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Parry Manzanita
Arctostaphylos parryana
  
About Parry Manzanita (Arctostaphylos parryana) 1 Nurseries Carry This Plant Arctostaphylos parryana is a species in the Ericaceae (Heath) family known by the common name Parry manzanita. This shrub is endemic to California, where it grows in the western section of the Transverse Ranges, from coastal Santa Barbara County to the San Gabriel Mountains, western Riverside County and San Diego County. This is an erect manzanita, standing on red-barked stems and reaching up to two meters in height. The leaves are bright green, generally oval in shape and pointed. The small pink-tinted white flowers are borne in densely-bunched flower clusters, but it does not produce as many flowers as some other species of Manzanita. The fruit is a rounded drupe which contains two or more seeds which have fused into one body. It does not produce a basal burl and so may be killed by fire. This is a manzanita of mid-elevation chaparral and coniferous forest ecosystems, between 3,000 and 7,500 ft. The fruit was a food of the Luiseno native people of Southern California. There are four recognized subspecies, of which ssp. tumescens is a considered rare.
Plant Description
Plant Type
Plant Type
Shrub

Size
Size
3.3 - 6.6 ft tall
9 ft wide

Form
Form
Mounding

Growth Rate
Growth Rate
Moderate

Dormancy
Dormancy
Evergreen

Fragrance
Fragrance
None

Flower Color
Flower Color
Pink, White

Flowering Season
Flowering Season
Winter, Spring

Wildlife Supported
 
Hummingbirds are attracted to the flowers. Various other birds are attracted to the fruits.

 
Butterflies & moths hosted ( 32 likely * ) SHOW ALL

Landscaping Information
Sun
Sun
Part Shade, Full Sun

Moisture
Moisture
Very Low

Summer Irrigation
Summer Irrigation
Max 1x / month once established

Nurseries
Nurseries

Cold Tolerance
Cold Tolerance
Tolerates cold to -20° F

Soil Drainage
Soil Drainage
Fast

Soil Description
Soil Description
Typically rocky or gravelly. Tolerates high boron content.. Soil PH: 6.0 - 7.8

Common uses
Common uses
Hedges, Bird Gardens, Hummingbird Gardens, Bee Gardens

Companion Plants
Companion Plants
Use with Pines such as Pinus monophylla, P. jeffreyi, or P. ponderosa; Flannelbush (Fremontodendron californicum), Oaks such as Quercus xalvordiana or Q. chrysolepis, and Mountain Mahogany (Cercocarpus betuloides).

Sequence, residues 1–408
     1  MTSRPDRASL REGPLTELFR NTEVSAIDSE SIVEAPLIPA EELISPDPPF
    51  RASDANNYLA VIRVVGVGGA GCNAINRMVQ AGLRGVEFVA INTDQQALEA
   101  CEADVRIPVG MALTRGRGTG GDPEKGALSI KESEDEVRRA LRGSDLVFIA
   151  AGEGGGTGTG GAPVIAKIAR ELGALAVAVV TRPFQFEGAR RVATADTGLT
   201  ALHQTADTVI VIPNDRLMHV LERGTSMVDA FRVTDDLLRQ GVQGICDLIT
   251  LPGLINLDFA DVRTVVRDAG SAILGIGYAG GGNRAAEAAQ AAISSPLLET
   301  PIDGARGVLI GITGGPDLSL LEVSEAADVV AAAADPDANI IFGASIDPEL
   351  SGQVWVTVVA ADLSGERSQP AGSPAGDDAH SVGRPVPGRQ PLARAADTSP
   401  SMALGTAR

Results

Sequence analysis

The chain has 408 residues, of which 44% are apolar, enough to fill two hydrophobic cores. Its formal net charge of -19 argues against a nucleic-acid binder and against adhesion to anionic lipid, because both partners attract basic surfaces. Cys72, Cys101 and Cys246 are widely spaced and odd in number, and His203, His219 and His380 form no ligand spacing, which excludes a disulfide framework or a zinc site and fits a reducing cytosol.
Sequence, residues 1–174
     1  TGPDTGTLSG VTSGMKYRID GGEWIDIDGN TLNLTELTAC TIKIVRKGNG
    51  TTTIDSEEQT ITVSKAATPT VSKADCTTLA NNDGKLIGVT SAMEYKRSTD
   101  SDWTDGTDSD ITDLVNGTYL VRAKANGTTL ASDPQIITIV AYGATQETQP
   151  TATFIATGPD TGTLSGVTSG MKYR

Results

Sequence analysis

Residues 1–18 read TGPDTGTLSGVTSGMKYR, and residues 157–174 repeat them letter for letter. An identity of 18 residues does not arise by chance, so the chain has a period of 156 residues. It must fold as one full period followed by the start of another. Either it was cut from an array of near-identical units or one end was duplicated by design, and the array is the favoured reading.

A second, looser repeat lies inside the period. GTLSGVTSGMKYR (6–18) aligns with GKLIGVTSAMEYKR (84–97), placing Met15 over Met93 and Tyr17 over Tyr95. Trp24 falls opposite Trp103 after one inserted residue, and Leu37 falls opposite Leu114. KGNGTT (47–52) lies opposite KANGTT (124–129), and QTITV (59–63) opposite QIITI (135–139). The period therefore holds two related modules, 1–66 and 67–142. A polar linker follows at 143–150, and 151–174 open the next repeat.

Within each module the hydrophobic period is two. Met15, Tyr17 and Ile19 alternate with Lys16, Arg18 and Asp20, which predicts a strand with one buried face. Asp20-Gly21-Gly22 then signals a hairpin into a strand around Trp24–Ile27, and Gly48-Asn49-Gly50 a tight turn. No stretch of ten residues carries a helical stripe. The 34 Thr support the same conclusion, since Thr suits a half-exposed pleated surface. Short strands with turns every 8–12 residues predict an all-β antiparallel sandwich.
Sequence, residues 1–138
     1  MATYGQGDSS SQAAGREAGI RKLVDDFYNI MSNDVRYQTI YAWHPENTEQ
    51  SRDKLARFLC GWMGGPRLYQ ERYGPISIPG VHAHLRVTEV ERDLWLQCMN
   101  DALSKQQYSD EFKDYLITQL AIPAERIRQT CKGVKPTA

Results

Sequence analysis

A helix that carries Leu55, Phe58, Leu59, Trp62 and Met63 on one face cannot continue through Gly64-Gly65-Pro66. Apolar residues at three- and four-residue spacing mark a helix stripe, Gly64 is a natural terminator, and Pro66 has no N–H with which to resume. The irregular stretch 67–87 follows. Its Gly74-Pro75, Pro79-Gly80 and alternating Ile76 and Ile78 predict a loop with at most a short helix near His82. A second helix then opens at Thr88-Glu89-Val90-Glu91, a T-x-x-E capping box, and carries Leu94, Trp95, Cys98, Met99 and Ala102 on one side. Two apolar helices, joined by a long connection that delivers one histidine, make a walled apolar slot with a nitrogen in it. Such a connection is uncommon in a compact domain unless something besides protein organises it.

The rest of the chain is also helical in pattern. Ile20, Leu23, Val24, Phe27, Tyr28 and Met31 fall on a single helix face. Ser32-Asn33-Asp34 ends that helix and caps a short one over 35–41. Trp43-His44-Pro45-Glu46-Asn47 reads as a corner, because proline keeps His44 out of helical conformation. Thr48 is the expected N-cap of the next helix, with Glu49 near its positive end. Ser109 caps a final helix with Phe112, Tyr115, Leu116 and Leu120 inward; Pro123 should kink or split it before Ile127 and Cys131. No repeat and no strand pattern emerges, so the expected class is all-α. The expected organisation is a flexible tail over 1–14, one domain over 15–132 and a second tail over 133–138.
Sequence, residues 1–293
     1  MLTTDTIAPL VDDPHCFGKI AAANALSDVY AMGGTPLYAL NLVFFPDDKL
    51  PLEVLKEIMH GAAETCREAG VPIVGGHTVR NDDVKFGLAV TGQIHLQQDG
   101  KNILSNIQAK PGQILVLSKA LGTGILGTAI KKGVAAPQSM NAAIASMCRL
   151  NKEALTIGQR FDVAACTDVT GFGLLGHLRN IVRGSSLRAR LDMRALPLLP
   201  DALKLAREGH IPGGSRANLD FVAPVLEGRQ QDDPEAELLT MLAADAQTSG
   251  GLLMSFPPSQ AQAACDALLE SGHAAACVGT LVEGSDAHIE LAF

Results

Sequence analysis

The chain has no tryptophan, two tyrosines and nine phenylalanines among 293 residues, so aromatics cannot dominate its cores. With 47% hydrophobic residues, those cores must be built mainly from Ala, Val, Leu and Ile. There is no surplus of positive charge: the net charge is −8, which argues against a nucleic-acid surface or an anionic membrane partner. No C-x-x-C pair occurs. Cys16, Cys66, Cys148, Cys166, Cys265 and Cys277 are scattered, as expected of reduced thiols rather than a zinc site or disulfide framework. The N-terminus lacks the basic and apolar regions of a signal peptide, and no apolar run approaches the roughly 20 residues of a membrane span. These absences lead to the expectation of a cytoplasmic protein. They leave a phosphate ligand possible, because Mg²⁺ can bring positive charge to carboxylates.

Maintenance
Maintenance
Prune dead branches in late summer

Sunset Zones
Sunset Zones?
2, 3, 15, 16, 18

Natural Setting
Site Type
Site Type
Dry, rocky slopes of middle elevations in southern California mountains where freezing temperatures and snow are common in winter.

Climate
Climate
Annual Precipitation: 4.9" - 52.0", Summer Precipitation: 0.27" - 3.21", Coldest Month: 30.5" - 58.8", Hottest Month: 53.1" - 87.5", Humidity: 1.25" - 38.31", Elevation: 506" - 9849"


Sources include: Wikipedia. All text shown in the "About" section of these pages is available under the Creative Commons Attribution-ShareAlike License. Plant observation data provided by the participants of the California Consortia of Herbaria, Sunset information provided by Jepson Flora Project. Propogation from seed information provided by the Santa Barbara Botanical Garden from "Seed Propagation of Native California Plants" by Dara E. Emery. Sources of plant photos include CalPhotos, Wikimedia Commons, and independent plant photographers who have agreed to share their images with Calscape. Other general sources of information include Calflora, CNPS Manual of Vegetation Online, Jepson Flora Project, Las Pilitas, Theodore Payne, Tree of Life, The Xerces Society, and information provided by CNPS volunteer editors, with special thanks to Don Rideout. Climate data used in creation of plant range maps is from PRISM Climate Group, Oregon State University, using 30 year (1981-2010) annual "normals" at an 800 meter spatial resolution.

Links:   Jepson eFlora Taxon Page  CalPhotos  Wikipedia  Calflora


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